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Brain research

Comparison of the labeling efficiency of BrdU, DiI and FISH labeling techniques in bone marrow stromal cells.


PMID 18468584

Abstract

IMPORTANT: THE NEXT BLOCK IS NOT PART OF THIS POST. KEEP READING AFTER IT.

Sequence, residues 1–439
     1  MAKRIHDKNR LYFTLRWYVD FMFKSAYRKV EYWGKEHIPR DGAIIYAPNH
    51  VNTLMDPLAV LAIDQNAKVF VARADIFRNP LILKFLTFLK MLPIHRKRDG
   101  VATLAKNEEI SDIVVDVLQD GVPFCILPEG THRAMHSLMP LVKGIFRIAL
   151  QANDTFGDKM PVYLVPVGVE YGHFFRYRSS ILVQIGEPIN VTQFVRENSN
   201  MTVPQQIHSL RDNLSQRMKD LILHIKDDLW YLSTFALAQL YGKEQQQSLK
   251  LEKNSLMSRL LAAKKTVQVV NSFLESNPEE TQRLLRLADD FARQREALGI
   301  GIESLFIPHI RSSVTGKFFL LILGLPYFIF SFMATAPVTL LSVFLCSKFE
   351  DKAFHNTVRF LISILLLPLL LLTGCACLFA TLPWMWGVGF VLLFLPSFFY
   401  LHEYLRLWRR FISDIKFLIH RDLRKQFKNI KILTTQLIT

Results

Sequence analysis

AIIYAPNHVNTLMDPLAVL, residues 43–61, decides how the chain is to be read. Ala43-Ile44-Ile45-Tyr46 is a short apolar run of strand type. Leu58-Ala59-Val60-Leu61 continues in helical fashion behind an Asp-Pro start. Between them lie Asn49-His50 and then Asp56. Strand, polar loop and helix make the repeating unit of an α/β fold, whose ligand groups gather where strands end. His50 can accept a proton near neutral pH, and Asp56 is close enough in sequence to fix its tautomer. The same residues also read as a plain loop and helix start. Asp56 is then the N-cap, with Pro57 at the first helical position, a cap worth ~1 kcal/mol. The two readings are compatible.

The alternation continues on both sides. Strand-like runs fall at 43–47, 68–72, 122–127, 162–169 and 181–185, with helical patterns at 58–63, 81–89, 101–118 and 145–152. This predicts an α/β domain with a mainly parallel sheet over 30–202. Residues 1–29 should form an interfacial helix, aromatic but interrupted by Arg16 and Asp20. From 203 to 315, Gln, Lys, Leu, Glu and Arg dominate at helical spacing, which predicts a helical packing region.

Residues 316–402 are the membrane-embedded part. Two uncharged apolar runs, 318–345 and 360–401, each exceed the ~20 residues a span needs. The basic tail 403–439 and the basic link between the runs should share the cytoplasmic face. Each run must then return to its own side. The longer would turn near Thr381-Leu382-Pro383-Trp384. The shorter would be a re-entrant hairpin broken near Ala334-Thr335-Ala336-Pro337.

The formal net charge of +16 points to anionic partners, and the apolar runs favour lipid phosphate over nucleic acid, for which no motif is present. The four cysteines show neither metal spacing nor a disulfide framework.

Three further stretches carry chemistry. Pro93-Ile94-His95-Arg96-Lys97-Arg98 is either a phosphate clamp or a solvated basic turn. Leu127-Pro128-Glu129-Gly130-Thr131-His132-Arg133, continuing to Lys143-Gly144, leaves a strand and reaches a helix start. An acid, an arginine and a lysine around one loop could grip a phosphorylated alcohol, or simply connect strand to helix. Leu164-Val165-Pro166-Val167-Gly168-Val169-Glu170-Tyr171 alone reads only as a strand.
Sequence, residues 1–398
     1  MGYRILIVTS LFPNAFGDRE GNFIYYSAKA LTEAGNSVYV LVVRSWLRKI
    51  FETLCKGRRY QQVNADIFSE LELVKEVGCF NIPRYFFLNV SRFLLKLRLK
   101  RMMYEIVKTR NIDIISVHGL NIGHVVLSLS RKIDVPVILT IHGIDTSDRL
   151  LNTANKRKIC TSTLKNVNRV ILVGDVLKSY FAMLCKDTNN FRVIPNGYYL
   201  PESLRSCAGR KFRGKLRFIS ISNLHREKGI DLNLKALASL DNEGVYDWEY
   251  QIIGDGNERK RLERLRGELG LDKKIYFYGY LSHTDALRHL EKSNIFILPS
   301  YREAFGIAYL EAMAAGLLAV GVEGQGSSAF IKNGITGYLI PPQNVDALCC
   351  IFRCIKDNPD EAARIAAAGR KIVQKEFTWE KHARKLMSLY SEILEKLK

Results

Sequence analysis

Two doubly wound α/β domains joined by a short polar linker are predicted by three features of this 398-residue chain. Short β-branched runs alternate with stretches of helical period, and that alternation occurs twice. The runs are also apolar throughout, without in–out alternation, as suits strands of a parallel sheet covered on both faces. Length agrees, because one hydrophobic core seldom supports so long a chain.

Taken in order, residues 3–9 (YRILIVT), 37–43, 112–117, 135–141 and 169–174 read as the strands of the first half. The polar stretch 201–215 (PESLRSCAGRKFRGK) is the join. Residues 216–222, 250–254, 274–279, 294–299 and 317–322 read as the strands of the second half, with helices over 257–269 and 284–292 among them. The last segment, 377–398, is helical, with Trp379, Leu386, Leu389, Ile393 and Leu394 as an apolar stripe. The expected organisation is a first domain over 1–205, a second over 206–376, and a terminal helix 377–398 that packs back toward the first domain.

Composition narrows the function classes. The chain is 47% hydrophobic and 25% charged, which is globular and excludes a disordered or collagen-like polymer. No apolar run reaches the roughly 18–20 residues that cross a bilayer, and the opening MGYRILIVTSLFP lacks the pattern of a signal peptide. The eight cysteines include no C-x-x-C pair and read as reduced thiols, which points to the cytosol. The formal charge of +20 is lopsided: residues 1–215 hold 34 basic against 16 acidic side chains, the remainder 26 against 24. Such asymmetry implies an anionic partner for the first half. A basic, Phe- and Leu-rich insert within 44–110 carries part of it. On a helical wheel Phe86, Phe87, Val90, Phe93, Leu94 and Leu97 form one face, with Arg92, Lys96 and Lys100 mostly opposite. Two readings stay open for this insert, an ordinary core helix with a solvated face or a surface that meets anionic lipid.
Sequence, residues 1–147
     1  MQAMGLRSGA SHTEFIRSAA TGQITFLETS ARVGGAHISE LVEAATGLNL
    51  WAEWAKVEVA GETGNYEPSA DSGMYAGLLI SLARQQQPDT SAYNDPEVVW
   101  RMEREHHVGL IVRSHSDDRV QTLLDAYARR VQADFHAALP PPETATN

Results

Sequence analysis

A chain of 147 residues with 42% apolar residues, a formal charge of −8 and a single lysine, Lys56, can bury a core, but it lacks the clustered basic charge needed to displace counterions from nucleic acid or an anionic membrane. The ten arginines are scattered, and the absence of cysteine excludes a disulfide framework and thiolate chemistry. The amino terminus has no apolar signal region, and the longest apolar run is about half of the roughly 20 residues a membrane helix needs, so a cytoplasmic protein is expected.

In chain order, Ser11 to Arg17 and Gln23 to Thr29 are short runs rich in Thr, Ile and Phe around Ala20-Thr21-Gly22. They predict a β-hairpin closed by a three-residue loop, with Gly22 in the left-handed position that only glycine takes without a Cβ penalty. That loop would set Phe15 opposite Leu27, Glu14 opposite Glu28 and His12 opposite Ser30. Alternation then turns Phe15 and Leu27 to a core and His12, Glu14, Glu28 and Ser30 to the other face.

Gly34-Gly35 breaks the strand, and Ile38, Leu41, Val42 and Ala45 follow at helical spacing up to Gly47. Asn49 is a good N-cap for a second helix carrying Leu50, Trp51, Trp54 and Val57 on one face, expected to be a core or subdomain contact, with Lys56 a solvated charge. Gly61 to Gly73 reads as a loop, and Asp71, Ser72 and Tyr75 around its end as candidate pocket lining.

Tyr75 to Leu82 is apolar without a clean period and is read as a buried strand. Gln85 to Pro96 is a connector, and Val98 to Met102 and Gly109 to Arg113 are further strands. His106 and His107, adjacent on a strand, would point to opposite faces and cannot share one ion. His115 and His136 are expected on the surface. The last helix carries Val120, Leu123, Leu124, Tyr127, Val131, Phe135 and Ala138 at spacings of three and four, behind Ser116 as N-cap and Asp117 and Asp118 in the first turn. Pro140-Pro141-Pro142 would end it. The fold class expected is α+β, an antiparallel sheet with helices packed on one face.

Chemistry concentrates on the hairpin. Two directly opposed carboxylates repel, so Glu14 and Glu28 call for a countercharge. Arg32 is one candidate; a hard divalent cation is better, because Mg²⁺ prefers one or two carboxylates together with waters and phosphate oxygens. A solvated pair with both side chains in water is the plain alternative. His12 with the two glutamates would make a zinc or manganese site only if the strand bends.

Cells are generally labeled during in vivo implantation studies enabling the cells to be traced. The relationship between the labeling efficiency and cellular proliferation after transplantation is critical for the interpretation of data obtained by detection of the signals on tissue sections. Here, we compare cellular labeling methods of rat marrow stromal cells that were labeled with 5-bromo-2-deoxyuridine (BrdU), 1,1'-dioctadecyl-3,3,3',3'-tetramethylindocarbocyanine perchlorate (DiI) and fluorescence in situ hybridization (FISH). Our data show that (i) BrdU uniformly labeled the nuclei, (ii) DiI-labeled cells had many dots or stained clear and uniform when a longer exposure time was used during detection and (iii) FISH labeled the cells with dots along the edges of the nuclei. The labeling efficiency was 94.1+/-8.6%, 97.6+/-3.4% and 90.5+/-3.0%, in BrdU, DiI- and FISH-labeled cells, respectively. After sub-culturing of labeled cells, the percentage of BrdU-positive cells was found to be 71.9+/-18.0% and 18.4+/-6.9%, after the first and second passages, respectively. The percentage of DiI-labeled cells detected depended on the exposure time: a long exposure time (>10 s) resulted in identification of 95.1+/-4.0% and 94.5+/-3.9% DiI-positive cells after the first and second sub-cultures, respectively. The percentage of FISH-positive cells was found to be 87.0+/-3.0% and 89.1+/-9.7%. The BrdU labeling signal quickly decreased over time. Thus, BrdU should only be used to temporarily label dividing cells. In contrast, our data indicate that DiI and FISH labeling may be used to steadily trace cells during in vivo experiments. To our knowledge, this is the first time that the effects of different labeling methods over time have been examined during a cell transplantation study.